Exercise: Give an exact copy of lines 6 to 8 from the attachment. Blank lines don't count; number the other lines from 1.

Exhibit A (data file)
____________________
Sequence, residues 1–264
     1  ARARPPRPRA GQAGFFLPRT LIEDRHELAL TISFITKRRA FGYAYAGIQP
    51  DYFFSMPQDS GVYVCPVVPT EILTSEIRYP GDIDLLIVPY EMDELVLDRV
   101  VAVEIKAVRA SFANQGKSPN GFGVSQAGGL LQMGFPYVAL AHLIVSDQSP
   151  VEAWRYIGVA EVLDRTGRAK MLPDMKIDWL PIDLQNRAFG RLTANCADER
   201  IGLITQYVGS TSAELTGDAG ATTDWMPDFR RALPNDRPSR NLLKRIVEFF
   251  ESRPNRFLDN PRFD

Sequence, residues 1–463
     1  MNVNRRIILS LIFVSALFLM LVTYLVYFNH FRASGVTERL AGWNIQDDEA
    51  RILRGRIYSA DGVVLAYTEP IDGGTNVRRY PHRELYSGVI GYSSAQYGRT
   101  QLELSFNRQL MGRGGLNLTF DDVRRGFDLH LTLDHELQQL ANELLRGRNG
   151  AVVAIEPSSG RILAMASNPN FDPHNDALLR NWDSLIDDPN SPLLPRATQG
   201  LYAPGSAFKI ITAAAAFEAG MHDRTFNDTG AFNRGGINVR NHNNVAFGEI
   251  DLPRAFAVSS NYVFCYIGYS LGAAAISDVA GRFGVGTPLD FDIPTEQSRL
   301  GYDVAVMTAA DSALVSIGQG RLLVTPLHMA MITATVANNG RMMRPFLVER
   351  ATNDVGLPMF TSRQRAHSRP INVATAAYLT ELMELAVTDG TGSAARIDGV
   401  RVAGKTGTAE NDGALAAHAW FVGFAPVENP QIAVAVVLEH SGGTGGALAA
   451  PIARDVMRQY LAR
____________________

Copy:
   201  IGLITQYVGS TSAELTGDAG ATTDWMPDFR RALPNDRPSR NLLKRIVEFF
   251  ESRPNRFLDN PRFD

Sequence, residues 1–463